Album Review: Mike Patton – The Solitude of Prime Numbers

Mike Patton has always been many things to many people: a powerful singer, an enigmatic frontman, an opinionated asshole, an underrated visionary, a record company founder, and so on. But one of the more recent musical excursions Patton has been undertaking has been in the role of film score composer. Along with his contributions to the soundtracks for A Perfect Place and Crank 2, Patton’s newest offering is the beautifully simplistic The Solitude of Prime Numbers. Though Patton did compose the film’s score, the album he’s released combines that score with tracks inspired by the film (and the acclaimed novel it was based on).

The album opens up with “2- Twin Primes”, which operates as the overall theme of the album. Its distinctively lush strings and Patton’s child-like “la la la” voice work appears several times in the album (such as “17- Isolated Primes”), tying everything in. It works as a great introduction track to the lonely and innocent atmosphere to follow.

Like most soundtracks or classical music albums, a lot of the tracks flow into each other without the listener being aware. On Prime Numbers, it’s all about building the mood, and Patton is adept at that. But while many of the compositions put the listener into a nondescript, dreamlike state, there are more than a few that stand out. “2-Identity Matrix” is a bassy, upbeat jaunt while “19 – Radius of Convergence”, is a slowly building symphony of pure drama and emotion, rattled out into a tinkling crystal-like end. Then there are the eerie, sharp Bernard Hermann-esque strings in “41 – Quadratix”  and “43 – Calculus of Finite Differences” that sound ripped from the dark heart of a Hitchcock film, punctuated by high-pitched keys and an uncomfortable sense of foreboding.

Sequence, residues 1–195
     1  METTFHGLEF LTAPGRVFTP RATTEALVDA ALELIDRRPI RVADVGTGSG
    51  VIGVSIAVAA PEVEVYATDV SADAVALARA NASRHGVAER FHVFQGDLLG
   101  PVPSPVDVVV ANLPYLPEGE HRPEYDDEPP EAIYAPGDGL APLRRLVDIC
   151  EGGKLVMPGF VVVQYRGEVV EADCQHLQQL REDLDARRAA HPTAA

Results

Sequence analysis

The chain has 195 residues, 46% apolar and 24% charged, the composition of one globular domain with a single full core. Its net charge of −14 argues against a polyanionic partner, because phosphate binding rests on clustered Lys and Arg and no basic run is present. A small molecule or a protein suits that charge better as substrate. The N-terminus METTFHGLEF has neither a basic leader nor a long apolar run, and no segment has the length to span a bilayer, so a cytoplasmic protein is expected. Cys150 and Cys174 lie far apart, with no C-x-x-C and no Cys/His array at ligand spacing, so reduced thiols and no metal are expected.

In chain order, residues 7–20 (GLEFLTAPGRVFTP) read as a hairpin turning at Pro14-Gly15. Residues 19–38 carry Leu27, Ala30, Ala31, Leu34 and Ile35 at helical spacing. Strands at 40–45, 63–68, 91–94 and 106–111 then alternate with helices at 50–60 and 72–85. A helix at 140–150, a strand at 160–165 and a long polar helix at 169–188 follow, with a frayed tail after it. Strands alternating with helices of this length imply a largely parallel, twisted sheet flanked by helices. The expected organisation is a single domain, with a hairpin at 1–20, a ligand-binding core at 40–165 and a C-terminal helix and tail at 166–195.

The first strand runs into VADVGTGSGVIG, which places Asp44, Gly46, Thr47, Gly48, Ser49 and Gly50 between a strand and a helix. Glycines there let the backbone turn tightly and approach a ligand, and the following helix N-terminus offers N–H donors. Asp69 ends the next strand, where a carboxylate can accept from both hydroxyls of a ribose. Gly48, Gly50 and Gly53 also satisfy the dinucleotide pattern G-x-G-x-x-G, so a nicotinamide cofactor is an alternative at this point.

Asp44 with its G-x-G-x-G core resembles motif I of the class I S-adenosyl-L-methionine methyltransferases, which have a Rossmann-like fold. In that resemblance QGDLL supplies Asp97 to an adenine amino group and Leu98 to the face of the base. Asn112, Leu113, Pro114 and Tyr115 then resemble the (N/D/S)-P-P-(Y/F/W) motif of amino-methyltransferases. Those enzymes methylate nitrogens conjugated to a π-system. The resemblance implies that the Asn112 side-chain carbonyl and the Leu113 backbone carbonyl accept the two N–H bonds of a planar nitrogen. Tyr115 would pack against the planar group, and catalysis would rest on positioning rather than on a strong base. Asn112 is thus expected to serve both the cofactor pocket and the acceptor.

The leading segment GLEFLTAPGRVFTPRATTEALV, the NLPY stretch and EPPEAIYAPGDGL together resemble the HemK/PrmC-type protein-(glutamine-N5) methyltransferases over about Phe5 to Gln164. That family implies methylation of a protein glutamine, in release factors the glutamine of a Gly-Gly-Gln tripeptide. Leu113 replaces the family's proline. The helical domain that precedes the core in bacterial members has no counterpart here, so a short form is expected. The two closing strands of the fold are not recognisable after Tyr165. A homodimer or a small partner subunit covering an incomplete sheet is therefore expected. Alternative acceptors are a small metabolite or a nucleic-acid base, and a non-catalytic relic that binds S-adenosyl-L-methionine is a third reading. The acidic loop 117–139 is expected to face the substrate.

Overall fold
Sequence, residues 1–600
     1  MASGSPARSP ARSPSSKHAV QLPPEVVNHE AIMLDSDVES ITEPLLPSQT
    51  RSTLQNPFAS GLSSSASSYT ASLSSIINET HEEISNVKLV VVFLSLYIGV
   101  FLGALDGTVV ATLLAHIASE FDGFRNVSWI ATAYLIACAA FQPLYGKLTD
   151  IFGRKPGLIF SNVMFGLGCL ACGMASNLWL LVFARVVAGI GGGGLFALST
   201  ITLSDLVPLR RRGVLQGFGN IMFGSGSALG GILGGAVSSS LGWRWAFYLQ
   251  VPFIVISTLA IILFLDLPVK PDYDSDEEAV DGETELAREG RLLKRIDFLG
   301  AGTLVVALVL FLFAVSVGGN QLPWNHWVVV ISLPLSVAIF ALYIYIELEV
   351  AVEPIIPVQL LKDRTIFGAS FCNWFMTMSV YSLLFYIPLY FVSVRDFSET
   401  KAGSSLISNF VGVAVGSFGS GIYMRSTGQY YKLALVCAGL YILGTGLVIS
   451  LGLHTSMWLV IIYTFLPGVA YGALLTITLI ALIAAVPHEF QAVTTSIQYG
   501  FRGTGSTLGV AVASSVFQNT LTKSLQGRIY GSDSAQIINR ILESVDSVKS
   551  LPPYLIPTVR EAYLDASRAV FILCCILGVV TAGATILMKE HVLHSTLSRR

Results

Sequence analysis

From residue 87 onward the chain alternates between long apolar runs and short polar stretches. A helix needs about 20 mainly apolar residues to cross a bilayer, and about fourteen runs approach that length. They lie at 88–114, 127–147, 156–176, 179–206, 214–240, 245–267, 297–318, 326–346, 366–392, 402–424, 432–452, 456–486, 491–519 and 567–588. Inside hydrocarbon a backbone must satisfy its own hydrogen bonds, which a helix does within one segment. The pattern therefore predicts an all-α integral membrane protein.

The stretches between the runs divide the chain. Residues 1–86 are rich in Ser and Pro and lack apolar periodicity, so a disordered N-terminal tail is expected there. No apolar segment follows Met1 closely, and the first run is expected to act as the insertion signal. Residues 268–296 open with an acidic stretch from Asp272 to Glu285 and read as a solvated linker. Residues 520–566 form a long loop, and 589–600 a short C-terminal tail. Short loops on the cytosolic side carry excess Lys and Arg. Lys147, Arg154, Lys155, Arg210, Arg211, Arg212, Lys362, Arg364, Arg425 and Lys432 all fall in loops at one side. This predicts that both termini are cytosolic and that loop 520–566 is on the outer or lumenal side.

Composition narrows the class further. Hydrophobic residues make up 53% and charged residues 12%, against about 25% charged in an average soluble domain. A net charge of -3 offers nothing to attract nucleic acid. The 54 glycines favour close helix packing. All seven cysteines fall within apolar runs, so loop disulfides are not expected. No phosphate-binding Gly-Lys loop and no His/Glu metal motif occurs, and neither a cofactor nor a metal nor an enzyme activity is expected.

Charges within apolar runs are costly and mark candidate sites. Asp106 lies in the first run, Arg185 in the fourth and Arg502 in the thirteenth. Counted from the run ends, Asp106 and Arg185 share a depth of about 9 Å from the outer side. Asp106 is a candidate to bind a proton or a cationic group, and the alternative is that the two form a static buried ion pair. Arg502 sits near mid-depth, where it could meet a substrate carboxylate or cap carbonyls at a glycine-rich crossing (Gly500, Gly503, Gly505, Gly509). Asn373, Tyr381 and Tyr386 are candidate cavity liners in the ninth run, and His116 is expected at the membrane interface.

Just as the novel and film deal with the loneliness and solitude that reside in its characters, Patton’s The Solitude of Prime Numbers makes a compelling argument for the subject matter. It is at once as haunting and dreamy as it is harsh and calculating. It’s a beautiful album to put on, sit back, and let wash over you… preferably in solitude.

Essential Tracks: ”2-Twin Primes”, “41-Quadratix”, and “19-Radius of Convergence”.


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